You’ll need to place them where the scratching is taking place. Make them convenient to use. If you put it in the dining room, but the scratching is going on in the living room, it will not be effective.
Rub a little catnip or honeysuckle onto the posts. Kitties love it. They’ll start by rubbing against it and progress to scratching it.
Remember, scratching posts are vital to deter inappropriate scratching. You can use the methods below, but if you don’t give your kitty an alternative to the furniture, it is all for nothing.
2. Aluminum Foil
Go to the pantry and grab some Reynolds wrap. This may sound crazy, but cats don’t like the feel of it.
Attach the wrap around the areas on the furniture that your kitty is attracted to. It may look a little odd, but if you combine this with the scratching posts, you will be able to redirect your kitty. She’ll avoid the foil and head for the post.
3. Double-Sided Tape
Double-sided tape is a great way to stop the inappropriate scratching. It doesn’t hurt the furniture, but the tape will irritate your Birman. Don’t worry, it won’t hurt her, but nobody wants to stick to something. And if your cat scratches the tape, she will stick.
Depending on your cat, this may or may not be an easy way to cut down on scratching. Keep in mind when you trim that you don’t have to take off the whole nail. If you do this, you might splinter the claw or hurt her. Just clip the tips. That should dull the nails enough to cut down on any damage. If you are not comfortable with doing this, you can always take them to a groomer or veterinarian.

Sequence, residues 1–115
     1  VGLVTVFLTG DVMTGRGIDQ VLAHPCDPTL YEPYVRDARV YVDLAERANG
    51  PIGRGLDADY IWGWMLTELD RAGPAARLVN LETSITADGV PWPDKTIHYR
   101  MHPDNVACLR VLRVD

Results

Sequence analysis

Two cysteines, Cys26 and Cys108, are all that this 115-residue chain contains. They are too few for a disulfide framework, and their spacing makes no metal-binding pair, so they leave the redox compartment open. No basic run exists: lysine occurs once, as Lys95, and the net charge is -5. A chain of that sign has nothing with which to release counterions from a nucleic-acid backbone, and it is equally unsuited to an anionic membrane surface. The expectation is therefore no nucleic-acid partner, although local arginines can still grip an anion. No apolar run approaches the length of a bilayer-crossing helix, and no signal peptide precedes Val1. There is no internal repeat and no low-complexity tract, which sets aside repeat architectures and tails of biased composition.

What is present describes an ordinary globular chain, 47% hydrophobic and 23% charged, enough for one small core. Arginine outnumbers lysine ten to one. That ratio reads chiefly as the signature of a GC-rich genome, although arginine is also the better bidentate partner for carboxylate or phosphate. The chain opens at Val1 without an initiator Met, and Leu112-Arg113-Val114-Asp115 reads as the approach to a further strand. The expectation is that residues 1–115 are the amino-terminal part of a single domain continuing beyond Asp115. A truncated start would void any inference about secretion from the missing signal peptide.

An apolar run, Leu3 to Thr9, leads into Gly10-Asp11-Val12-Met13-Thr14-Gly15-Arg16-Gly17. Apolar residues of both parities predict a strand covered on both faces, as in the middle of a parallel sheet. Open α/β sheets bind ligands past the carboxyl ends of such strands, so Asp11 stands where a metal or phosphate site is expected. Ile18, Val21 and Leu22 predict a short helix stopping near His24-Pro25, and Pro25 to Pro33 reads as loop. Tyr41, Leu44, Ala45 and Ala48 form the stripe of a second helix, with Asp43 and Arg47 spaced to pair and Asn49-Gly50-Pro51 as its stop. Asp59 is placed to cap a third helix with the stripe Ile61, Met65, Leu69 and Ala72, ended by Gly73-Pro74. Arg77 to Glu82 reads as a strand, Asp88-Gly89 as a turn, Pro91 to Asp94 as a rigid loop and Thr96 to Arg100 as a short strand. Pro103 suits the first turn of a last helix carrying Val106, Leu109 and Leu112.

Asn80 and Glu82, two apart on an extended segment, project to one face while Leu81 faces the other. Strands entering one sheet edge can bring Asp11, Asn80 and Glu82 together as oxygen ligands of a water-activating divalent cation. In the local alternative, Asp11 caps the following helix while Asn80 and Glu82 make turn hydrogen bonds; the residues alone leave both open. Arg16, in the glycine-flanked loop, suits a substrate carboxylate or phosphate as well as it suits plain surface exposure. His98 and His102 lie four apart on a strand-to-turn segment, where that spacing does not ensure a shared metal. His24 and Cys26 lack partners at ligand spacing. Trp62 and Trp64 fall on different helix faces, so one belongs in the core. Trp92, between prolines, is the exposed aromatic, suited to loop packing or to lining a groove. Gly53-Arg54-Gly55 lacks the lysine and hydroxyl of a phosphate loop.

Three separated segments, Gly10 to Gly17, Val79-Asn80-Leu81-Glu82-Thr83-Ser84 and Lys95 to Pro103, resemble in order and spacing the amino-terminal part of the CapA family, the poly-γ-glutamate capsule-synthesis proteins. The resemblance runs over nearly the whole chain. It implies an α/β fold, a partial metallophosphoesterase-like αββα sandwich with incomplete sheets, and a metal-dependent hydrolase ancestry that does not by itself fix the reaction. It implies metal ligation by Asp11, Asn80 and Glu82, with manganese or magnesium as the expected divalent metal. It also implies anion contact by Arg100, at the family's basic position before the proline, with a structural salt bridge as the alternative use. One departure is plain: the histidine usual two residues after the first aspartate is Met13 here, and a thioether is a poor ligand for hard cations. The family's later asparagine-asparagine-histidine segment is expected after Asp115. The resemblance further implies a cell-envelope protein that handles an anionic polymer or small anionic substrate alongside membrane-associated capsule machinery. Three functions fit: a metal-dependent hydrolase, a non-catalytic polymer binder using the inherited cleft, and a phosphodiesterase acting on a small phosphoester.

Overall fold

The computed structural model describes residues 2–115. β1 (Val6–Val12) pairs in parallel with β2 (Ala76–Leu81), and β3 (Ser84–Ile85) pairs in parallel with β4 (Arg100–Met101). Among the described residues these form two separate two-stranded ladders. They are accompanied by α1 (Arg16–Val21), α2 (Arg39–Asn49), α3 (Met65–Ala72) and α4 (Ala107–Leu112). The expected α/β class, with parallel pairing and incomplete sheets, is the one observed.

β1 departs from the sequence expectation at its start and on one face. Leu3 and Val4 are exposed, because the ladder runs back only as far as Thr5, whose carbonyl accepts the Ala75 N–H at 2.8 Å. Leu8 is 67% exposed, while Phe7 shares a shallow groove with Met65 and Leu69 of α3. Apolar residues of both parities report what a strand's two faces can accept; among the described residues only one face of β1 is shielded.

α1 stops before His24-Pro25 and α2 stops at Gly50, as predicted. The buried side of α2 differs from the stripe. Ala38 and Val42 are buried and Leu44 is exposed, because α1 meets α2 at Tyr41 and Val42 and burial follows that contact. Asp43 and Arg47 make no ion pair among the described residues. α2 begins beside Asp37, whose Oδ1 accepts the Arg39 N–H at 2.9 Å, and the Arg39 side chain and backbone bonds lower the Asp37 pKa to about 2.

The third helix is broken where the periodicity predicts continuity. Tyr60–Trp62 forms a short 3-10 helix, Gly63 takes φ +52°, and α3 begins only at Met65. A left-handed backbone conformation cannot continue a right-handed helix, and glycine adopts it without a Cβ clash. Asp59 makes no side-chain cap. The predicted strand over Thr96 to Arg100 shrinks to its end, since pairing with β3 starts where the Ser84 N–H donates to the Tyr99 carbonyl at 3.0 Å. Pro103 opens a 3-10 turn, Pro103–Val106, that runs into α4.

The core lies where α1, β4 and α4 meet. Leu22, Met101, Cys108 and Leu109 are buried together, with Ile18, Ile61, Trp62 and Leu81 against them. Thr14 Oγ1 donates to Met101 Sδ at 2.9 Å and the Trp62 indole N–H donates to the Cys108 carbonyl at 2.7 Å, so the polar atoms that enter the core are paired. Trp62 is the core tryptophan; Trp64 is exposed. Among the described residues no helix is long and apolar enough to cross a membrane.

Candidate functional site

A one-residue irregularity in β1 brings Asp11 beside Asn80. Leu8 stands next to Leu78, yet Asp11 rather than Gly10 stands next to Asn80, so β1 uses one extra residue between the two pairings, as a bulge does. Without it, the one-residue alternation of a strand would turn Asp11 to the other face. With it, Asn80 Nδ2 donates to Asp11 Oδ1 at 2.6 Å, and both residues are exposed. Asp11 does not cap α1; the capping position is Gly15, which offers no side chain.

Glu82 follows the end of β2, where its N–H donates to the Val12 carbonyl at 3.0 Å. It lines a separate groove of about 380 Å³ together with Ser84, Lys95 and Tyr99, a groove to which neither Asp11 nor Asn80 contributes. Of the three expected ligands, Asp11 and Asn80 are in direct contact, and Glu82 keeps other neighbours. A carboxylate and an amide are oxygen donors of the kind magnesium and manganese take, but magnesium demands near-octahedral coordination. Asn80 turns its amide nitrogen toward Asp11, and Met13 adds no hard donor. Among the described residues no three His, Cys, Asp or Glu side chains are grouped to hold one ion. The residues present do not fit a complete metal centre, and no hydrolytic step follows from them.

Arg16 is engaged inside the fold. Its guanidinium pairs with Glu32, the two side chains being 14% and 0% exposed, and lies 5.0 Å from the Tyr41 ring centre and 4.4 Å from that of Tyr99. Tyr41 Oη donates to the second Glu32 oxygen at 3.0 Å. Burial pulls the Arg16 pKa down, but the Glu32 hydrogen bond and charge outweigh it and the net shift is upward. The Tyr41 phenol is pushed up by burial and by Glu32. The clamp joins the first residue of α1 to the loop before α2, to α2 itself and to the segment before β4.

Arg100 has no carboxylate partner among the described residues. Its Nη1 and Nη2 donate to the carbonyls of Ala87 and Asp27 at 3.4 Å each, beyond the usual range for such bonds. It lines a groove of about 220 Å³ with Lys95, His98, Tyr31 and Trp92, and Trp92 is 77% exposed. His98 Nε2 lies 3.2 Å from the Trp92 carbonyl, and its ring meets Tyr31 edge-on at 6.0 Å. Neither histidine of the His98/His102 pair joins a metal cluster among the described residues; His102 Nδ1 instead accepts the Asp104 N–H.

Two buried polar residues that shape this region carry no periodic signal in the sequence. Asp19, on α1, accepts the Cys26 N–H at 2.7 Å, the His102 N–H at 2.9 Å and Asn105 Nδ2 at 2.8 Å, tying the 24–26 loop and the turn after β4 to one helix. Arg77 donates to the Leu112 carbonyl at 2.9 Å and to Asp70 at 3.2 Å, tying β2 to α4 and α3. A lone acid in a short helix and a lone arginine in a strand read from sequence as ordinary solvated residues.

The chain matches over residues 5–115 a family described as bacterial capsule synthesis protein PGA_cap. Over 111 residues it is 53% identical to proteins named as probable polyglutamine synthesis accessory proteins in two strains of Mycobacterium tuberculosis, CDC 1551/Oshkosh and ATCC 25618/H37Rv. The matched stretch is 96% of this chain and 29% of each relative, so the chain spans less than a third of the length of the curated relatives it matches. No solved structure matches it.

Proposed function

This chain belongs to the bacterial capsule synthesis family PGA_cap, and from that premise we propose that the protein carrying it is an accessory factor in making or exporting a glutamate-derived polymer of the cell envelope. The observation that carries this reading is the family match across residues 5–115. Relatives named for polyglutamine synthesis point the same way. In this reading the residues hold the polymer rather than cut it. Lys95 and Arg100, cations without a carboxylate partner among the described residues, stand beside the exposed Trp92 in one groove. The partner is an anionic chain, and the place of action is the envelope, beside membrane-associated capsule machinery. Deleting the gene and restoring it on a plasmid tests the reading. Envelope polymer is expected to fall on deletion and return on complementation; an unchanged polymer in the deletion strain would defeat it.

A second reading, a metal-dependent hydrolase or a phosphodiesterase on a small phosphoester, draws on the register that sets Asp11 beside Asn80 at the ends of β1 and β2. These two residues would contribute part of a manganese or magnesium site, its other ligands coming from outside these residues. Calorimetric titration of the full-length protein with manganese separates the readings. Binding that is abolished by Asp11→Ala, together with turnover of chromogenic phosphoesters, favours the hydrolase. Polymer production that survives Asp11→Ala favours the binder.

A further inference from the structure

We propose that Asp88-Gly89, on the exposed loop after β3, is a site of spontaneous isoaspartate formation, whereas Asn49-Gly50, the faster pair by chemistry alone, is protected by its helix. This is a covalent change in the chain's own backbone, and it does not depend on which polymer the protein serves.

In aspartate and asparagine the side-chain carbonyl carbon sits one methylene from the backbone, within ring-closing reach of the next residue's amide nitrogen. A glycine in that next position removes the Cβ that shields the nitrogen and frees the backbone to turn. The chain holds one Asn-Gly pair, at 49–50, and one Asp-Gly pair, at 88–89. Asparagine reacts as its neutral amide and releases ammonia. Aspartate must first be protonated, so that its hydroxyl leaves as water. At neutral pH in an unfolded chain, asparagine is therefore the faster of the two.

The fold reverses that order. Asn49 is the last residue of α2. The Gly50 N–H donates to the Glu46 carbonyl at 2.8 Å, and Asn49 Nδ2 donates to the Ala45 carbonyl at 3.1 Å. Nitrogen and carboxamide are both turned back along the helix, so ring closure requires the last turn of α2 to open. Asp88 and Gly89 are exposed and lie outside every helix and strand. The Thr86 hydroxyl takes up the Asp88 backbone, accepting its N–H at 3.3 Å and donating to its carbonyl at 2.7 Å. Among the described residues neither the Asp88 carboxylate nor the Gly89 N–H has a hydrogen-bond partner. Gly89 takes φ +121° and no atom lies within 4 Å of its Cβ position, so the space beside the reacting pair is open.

5. Citrus Scent
Cats hate the citrus scent. Spray your furniture with a citrus-scented spray. It won’t hurt your kitty, and it won’t hurt your furniture.
6. Wand Toy
Who doesn’t like a good game of wand? It’s especially fun when there are some feathers at the end of the string. Play with your Birman. Get them going. Then when she’s enjoying herself, run or pull the string portion over the scratching post. She’ll bat and claw at it. The goal is for her to see how much more fun it is to claw the post rather than the couch. She’ll associate good times with the scratching post.
7. Use Pet Treats
You might need to be observant for this one. Next time you see your kitty use the scratching post, encourage the behavior, and give her a treat as a reward. You want her always to think that good things happen at the scratching post.
8. Plastic Covers
Cover the vulnerable areas of your furniture with plastic covers. You don’t have to put plastic everywhere, just on the areas that your kitty is most attracted to. It will deter her because there’s nothing rough for her claws to grip. And after all, that’s the reason for scratching.
9. Aversion Sounds
Pick your “no” noise. It could be a hiss, a loud no, or clapping the hands a certain way. But don’t say your Birman’s name while disciplining. Save saying her name for the good times.
10. Carpet Runner
A vinyl carpet runner might sound crazy for furniture, but it works. Purchase one of those cheap vinyl carpet runners that grandma used to have in her entryway. Then, turn it upside down. Attach it to your furniture with the smooth side against the furniture. The nubby side will be on the outside. Your Birman will not want to scratch it.
You love your Birman, but you don’t want the furniture shredded. There are ways to deter this behavior. With a little patience and a few scratching posts, you can have both a beautiful kitty and beautiful furniture.